As Congress debates funding levels for reviving U.S. chip manufacturing, commercial partnerships are forming around strategic technologies such as 5G wireless and AI chips.
In a bid to accelerate 5G wireless connectivity, GlobalFoundries is licensing gallium nitride technology from Raytheon Technologies. This collaboration is aimed at boosting not just 5G, but also subsequent 6G wireless infrastructure applications.
Meanwhile, IBM is touting its pivot to a “collaborative model” with foundry partners such as Intel and Samsung Electronics to fabricate its Power processors while developing energy-efficient AI chips.
GlobalFoundries said the wireless chip partnership announced Wednesday (May 19) includes joint development and commercialization of Raytheon’s GaN-on-silicon technology. The resulting devices would be aimed at boosting RF performance for 5G and 6G phones and wireless networks.
The foundry has yet to respond to our request for details on performance improvements.
The GaN-on-Si devices will be fabricated at GlobalFoundries’ Fab 9 facility in Essex Junction, Vt. As horse-trading advances in the Senate for funding U.S. semiconductor R&D, Sen. Patrick Leahy, D-Vt., chairman of the Senate Appropriations Committee, called the 5G chip partnership “good news for the nation’s semiconductor supply chain and competitiveness.
Under terms of the agreement, Raytheon will license its proprietary GaN-on-Si technology and “technical expertise” to GlobalFoundries, which will develop new semiconductor devices for next-generation wireless applications. The technology is touted as handling higher power and resulting heat levels beyond the capability of legacy wireless systems.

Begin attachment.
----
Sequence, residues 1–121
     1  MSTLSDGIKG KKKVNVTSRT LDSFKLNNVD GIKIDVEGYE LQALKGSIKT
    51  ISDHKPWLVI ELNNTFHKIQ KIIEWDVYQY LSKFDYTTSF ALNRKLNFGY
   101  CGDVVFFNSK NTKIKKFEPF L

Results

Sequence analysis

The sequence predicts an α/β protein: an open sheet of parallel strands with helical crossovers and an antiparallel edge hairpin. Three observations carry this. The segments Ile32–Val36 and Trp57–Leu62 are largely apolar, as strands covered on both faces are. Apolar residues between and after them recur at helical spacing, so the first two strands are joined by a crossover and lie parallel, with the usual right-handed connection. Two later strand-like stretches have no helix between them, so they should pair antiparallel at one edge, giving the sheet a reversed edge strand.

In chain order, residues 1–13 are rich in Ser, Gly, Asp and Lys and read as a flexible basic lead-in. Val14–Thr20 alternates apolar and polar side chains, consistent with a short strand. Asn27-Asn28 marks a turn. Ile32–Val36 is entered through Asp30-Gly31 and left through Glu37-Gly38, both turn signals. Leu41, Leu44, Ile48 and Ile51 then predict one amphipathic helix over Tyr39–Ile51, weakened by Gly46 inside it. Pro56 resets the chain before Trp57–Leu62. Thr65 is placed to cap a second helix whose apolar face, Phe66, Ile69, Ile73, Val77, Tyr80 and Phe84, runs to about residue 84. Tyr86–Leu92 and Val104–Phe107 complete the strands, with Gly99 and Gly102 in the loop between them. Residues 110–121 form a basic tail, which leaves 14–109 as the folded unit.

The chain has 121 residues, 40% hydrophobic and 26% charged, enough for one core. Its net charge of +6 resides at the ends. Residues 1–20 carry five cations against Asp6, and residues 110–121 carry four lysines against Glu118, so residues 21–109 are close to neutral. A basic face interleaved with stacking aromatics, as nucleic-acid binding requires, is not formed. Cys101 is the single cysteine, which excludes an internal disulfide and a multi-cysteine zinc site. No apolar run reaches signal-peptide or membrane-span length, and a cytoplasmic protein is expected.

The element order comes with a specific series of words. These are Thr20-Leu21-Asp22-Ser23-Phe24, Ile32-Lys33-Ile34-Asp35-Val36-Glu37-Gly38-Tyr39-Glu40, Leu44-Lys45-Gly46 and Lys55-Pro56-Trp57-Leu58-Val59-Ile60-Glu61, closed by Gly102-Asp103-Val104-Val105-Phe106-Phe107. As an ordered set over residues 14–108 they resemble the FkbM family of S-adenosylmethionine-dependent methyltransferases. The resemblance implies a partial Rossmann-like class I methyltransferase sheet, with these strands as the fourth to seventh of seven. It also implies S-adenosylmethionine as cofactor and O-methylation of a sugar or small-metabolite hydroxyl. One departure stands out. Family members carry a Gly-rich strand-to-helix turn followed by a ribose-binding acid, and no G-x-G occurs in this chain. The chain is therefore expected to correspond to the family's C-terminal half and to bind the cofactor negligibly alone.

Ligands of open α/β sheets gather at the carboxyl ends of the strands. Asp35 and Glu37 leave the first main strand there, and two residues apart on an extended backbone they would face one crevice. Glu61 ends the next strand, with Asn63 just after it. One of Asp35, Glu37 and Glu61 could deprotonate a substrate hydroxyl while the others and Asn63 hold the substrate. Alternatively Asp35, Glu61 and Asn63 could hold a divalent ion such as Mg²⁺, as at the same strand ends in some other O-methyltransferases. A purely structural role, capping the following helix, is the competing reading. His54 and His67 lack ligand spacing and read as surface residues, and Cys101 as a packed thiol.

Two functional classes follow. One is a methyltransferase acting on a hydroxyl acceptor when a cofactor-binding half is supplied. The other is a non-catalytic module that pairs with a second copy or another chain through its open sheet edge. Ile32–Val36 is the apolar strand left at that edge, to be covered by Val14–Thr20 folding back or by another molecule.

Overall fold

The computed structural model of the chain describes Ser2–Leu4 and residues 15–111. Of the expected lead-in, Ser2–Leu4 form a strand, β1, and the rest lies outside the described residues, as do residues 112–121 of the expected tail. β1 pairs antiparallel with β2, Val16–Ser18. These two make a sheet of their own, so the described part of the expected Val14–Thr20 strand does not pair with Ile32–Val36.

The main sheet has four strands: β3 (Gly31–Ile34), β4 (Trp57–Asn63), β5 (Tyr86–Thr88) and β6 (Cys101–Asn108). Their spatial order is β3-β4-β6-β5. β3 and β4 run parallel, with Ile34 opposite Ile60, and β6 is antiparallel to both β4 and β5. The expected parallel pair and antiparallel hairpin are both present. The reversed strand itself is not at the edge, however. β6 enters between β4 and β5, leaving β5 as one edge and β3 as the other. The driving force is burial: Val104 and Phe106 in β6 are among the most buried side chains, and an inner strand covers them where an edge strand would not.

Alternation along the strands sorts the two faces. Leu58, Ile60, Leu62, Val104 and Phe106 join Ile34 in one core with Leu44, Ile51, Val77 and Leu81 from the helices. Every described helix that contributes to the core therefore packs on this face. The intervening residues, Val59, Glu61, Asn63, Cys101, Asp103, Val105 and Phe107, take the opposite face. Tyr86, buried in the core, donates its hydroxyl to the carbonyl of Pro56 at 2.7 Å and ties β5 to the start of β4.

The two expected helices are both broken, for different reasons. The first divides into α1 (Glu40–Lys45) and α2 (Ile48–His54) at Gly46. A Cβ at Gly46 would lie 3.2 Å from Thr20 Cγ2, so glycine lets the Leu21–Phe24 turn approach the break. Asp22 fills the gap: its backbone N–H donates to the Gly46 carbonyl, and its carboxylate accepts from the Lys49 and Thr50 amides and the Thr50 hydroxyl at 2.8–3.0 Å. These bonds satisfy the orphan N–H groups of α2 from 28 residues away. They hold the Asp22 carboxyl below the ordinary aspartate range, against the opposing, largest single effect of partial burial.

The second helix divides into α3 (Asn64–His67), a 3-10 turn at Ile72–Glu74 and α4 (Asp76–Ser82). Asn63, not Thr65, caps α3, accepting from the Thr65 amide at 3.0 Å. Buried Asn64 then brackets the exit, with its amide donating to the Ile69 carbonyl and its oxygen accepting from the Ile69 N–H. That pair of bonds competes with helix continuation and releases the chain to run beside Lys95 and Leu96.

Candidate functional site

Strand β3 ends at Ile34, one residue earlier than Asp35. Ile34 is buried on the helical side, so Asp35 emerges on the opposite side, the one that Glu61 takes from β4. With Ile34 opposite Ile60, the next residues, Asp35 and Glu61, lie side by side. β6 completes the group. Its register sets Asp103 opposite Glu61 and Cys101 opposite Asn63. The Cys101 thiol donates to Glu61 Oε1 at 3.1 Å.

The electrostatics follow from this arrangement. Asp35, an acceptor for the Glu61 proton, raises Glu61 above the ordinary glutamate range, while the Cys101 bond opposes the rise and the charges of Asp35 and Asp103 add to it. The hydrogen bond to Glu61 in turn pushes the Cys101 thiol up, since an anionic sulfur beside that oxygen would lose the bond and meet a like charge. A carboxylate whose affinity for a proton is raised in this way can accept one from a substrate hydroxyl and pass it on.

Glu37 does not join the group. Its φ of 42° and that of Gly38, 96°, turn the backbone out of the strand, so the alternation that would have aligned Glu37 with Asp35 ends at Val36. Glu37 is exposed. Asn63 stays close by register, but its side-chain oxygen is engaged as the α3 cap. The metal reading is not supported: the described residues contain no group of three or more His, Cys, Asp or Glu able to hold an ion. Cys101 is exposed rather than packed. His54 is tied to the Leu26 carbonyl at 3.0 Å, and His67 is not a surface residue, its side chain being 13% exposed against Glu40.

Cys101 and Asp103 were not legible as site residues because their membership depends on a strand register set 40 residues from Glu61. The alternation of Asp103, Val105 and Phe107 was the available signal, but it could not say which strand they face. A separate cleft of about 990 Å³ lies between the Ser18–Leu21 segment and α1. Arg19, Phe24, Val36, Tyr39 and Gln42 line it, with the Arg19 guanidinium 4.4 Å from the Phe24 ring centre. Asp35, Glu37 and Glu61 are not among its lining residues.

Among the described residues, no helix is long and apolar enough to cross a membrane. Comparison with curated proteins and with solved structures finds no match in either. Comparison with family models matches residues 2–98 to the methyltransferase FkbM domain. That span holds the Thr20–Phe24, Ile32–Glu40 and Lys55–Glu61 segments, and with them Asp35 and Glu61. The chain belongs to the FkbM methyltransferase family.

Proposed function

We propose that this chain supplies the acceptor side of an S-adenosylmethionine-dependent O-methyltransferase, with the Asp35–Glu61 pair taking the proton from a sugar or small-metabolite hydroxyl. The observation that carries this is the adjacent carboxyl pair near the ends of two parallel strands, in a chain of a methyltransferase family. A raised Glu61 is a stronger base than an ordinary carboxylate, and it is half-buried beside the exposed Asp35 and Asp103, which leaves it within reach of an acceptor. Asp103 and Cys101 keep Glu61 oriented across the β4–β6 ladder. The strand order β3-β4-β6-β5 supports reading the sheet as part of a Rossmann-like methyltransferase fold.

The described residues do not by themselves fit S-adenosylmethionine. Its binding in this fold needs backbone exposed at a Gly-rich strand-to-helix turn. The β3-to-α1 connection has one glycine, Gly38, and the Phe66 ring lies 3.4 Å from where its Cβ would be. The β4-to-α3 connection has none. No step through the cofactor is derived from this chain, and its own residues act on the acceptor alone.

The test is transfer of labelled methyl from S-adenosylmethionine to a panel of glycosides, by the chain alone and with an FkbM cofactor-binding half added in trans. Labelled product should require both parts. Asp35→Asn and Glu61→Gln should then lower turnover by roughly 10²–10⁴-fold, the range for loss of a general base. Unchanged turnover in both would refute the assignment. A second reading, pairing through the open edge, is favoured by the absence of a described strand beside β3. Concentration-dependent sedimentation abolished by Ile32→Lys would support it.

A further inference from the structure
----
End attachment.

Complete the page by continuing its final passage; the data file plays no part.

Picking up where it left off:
The deal with Raytheon reflects the U.S. foundry operator’s emphasis on key RF components required to keep pace in the race to deploy 5G and, eventually, 6G wireless networks. Those networks will transport everything from streaming video to big data collected by edge AI devices.
Company officials have stressed GlobalFoundries’ emphasis on “high-mix applications [with] modest volumes,” including those incorporating RF front-ends, microcontrollers and battery management. That pragmatic strategy varies markedly from cutting-edge process technologies offered by foundry leaders like Taiwan Semiconductor Manufacturing Co. (TSMC) and Samsung Electronics.
The partnership with Raytheon “will enable everything from AI-supported phones and driverless cars to the smart grid, as well as governments’ access to data and networks which are essential to national security,” GlobalFoundries CEO Tom Caufield said in announcing the agreement.
The ramping of advanced 5G chip production at a former IBM fab illustrates how the foundry business has evolved in the last decade. Chip designers such as IBM have sold off foundry facilities, instead seeking manufacturing partners as they move to smaller processor nodes.
“Given the extreme competition, market volatility and the scale of capital investments needed, many companies have pivoted from vertically integrated development to a model that leverages best-in-class strategic partnerships,” Zachary Lemnios, vice president of IBM research, noted in a blog post.
“The trust and security of microelectronics created through partnerships requires in-depth understanding of a complex global supply chain that includes design services, EDA tools, intellectual property design elements, photomask design tools, foundry services, assembly, test, [and] packaging services and component packaging,” added Lemnios, a former U.S. assistant secretary of defense.
IBM currently licenses IC designs to GlobalFoundries and Samsung.
Besides AI chips, IBM’s hardware alliances also include a partnership with Intel aimed at fabricating the world’s first 2-nm chips. As it looks to rebuild its manufacturing prowess, Intel announced an alliance with IBM to development new fab processes. “Intel is joining a team of TSMC competitors to pool research and share the huge cost of developing ever-smaller transistors,” processor market analyst Linley Gwennap. EETimes